Mary Long: Your book is basically a collection of life advice. It’s really interesting to read in the context of your career, which we’ve discussed a lot throughout this conversation. But also as I’m reading it, as a retail investor, it’s really interesting because we at the Motley Fool talk a lot about mindset. How do you stay sane when there’s a bunch of noise out there and when your portfolio is in the red and so much of this book, I thought, this is really great mindset advice for investors. It’s life advice, but it can also be tailored to something more specific. You are really familiar with working in high pressure environments. The newsroom is a hectic environment. Washington is a hectic environment. Investing can be a hectic environment. What advice do you have for separating the signal from all of the noise that’s out there, especially in really high-pressure high-stakes environments.

Jim VandeHei: I put a lot of this in just the good stuff, which is the book that you mentioned, and I hate the idea of, it’s a self help book, and people call it a self-help book. I hate that cause it just feels so, I don’t know. I was so arrogant to think like you, I’ve figured stuff out. But, I really tried the book to be. No, here are things like I was screwing up with or that I struggled with that because I have this laboratory of companies that we’ve started, that I’ve been able to put to the test, and this is what worked. Hopefully, almost, and I think every chapter has here’s four or five ways to apply this specifically to your team or to your company or to your specific problem.

At the end of the book, I do get into the question you reached, which is, I do live in a stressful world. We all do, and media and politics and Washington are stressful. The older I get, the more I do think about, how do I perform optimally? How do I do this without either burning out or becoming irritable and how do I make sure I keep a clear mind? I will say the older I get, and I wish I knew this when I was younger, all the pieces of life tie together. All the decisions that I make on any given day in terms of what do I eat? What do I drink? How much booze do I slam? How often do I work out? What type of workouts am I doing? Do I pray? Do I meditate? Do I read? Do I have quality time with my wife? Am I really focusing in a meaningful way on my three children? I I checked in on my parents? All those things, work together to make me me and make me much better at work. So when I’ve got everything else cooking, and my mind is clear and I’m in a good groove, working out, getting good sleep and all that, I’m just a much more effective person. I think that differs for each person. Each person has a different spirituality. Each person has a different relationship with food. Different people do different things to work out or to clear their mind. My point in the book is, What I don’t accept is like the whiny, whoa is me. There’s nothing I can control. Life, dealt me a crappy hand. I don’t buy it. I think that all of us, no matter what our circumstances we wake up every day, and there’s a whole lot that we can control. The things that you can control, it is not selfish to put a lot of thought into, how can you control those better so that you really can be a better husband or partner or friend or colleague or manager or leader.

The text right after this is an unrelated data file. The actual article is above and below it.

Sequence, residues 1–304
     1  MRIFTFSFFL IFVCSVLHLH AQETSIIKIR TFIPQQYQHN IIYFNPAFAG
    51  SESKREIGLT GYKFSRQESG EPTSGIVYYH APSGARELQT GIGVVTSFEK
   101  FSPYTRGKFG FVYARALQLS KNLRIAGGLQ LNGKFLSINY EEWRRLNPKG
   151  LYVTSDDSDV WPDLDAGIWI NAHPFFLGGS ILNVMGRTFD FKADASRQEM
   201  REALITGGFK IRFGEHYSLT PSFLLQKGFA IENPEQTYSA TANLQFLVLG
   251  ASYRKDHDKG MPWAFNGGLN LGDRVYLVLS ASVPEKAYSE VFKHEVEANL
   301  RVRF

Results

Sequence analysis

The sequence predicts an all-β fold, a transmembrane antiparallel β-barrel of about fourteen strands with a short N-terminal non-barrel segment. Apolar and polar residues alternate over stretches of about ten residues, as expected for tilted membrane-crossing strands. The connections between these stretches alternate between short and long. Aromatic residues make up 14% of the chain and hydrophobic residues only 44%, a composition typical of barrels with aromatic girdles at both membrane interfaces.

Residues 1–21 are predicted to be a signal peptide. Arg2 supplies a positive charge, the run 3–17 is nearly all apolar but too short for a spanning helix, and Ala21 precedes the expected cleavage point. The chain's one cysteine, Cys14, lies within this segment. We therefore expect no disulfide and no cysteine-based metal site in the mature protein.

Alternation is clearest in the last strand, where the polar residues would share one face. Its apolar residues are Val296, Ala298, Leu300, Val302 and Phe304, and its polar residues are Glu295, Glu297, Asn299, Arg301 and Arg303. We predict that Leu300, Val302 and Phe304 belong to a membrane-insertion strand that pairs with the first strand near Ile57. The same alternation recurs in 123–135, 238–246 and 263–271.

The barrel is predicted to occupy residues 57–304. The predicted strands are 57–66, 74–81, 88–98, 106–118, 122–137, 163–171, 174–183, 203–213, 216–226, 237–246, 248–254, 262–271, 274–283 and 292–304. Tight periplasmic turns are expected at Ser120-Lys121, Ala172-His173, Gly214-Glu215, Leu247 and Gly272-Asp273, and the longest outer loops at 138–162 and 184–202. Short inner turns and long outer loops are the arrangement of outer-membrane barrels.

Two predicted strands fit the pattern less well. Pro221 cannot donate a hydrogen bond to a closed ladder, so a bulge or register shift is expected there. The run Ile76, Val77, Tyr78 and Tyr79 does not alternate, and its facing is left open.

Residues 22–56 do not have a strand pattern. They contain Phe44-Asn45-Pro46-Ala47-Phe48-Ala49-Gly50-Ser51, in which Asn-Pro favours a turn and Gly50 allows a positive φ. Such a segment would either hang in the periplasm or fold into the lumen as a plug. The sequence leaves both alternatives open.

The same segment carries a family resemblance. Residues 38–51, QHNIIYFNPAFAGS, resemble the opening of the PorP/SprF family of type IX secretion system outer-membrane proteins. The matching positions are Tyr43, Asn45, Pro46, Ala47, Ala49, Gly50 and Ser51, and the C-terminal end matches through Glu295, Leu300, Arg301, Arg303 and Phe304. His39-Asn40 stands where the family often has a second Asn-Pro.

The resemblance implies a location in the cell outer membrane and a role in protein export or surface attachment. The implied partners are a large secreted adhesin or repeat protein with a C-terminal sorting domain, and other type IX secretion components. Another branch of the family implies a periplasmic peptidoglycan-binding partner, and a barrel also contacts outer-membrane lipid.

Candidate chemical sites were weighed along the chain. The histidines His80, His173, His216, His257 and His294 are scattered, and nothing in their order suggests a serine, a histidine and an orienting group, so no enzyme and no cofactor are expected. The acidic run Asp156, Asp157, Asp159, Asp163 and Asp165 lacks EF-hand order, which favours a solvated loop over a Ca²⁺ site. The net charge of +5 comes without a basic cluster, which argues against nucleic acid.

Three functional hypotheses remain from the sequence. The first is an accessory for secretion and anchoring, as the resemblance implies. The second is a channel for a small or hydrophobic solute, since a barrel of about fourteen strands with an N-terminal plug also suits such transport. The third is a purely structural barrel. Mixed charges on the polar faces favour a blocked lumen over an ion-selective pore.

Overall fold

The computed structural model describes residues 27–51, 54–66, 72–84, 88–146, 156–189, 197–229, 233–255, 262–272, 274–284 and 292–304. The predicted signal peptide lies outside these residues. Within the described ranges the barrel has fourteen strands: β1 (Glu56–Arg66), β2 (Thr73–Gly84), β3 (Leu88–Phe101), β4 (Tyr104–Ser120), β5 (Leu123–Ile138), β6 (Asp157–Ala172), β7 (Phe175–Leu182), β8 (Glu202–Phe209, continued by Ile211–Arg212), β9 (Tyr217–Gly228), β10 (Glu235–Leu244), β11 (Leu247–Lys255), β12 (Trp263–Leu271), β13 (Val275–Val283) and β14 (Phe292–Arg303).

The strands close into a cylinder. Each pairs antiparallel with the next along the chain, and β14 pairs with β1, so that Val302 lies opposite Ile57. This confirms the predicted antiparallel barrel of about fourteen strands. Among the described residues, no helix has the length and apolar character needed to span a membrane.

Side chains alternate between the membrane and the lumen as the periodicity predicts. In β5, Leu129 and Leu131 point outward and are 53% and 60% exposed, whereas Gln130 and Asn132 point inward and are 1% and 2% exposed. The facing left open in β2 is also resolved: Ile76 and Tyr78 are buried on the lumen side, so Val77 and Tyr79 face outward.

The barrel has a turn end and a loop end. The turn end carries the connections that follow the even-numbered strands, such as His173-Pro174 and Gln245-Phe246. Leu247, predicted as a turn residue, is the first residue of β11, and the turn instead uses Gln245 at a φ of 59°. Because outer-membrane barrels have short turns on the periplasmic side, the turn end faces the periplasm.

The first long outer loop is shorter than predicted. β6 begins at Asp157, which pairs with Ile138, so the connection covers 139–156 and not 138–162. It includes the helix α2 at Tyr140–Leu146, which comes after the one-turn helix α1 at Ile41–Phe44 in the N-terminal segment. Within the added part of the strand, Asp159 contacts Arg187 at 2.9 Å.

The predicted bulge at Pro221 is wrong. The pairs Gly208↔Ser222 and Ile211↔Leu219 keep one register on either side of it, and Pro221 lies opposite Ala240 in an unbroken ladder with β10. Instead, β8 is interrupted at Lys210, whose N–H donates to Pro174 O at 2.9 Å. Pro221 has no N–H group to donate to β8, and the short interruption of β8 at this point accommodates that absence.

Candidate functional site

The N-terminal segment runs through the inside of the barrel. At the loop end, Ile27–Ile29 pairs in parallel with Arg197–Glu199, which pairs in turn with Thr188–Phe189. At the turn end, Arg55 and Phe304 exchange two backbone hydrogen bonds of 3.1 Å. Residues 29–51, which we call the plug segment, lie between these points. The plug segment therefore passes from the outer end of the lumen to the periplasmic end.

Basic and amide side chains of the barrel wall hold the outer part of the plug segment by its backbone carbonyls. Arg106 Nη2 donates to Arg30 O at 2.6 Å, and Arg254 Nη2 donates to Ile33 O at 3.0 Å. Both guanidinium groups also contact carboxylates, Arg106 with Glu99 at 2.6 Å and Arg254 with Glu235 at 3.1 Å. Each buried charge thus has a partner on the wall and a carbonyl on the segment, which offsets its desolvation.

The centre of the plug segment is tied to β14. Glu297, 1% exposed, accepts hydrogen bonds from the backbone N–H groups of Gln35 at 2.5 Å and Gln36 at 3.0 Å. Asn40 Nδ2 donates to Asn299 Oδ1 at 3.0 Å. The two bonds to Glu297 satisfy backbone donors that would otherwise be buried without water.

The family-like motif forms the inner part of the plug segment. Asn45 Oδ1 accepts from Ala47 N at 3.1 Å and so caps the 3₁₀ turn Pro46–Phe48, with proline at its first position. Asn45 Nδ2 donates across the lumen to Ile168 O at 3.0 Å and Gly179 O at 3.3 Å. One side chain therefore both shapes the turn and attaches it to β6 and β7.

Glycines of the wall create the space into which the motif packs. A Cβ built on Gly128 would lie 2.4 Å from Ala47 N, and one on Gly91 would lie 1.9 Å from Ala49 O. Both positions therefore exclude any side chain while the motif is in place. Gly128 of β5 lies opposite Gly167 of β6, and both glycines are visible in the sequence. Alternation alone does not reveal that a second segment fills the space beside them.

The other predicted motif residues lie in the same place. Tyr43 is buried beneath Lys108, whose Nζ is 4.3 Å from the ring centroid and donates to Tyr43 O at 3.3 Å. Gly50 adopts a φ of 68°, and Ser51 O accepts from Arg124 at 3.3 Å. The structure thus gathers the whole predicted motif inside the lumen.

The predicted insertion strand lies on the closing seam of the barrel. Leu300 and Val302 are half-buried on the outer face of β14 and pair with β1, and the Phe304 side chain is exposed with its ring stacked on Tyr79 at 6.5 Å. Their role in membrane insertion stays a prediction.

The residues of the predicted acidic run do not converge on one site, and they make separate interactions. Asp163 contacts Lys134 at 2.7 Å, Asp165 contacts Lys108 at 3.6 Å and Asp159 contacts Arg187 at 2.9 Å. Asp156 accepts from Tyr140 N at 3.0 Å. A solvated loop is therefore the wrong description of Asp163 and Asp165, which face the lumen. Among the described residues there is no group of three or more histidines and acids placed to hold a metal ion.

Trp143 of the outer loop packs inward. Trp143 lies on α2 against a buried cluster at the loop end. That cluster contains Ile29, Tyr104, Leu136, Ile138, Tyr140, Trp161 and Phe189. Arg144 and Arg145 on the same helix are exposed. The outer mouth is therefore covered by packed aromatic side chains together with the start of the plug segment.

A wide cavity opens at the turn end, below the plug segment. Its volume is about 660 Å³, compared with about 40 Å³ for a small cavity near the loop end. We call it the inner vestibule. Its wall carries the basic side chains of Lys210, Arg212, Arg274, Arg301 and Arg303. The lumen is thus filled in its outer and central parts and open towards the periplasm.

Mary Long: Another thing that you talk a lot about is learning from the times when things go to crap, you learn a lot from mistakes. When things don’t go the way you expect, there’s often a lesson that comes from that. What was your last or most recent things have gone to crap lesson?

Jim VandeHei: Again, and part of this is maybe my existential crisis with my own aging process. It’s like most of what I’ve learned, and the things that I’m probably proudest of really do come from just awful stuff in life. Again I get I’m in my early 50s, so I’m starting to have people who are sick, people who are dying. Most of what the hard stuff is that, I have my wife, I’ve written in the book, has been sick for some time and really dealt with some funky illnesses and still does. In it, like you would say, oh, that sucks, and it does, and it’s awful. But as a result of it, it really forced me to grow an even deeper relationship with each of my three kids to make sure that they stay in a good place. They’re all in college, one just graduated. There’s a beauty that comes from that. There’s also like a wisdom that comes from that. I’ve learned a lot from that.

I learned a lot just from watching my colleagues in terms of how can I be a better leader? How do I make sure that we are creating an environment that’s dynamic, but that people do feel included and do feel like we value them regardless of what their background is and that they are treated or they are paid equitably. I’m not There was this debate on X or maybe it’s still going on about DEI and should we throw it out? It’s just one of the most moronic debates that I’ve ever heard. How are you going to throw it out? Like you live in a country that only 60% of people are white, and you run a company in a free market. Don’t you want the best and brightest people regardless of their background working for you? Of course, you better value diversity, and don’t you want to treat people fairly? That’s all equity is. Don’t you want people to feel like when they come to work that they’re part of something bigger than themselves? That’s called inclusion. Did some people overreact and do some silly stuff because they wanted to get PR points? They did, but that doesn’t make it a bad idea. It actually makes it a really good idea. There’s many pieces from it that lead to a more dynamic company, especially a capitalistic company in a free market. So I learned a lot about that, and I’m a straight white guy. I don’t necessarily come from all of the marginalized backgrounds, but that doesn’t mean I can’t talk to employees all the time about what are they going through? What are they thinking? What motivates them so that I can incorporate that into how I lead.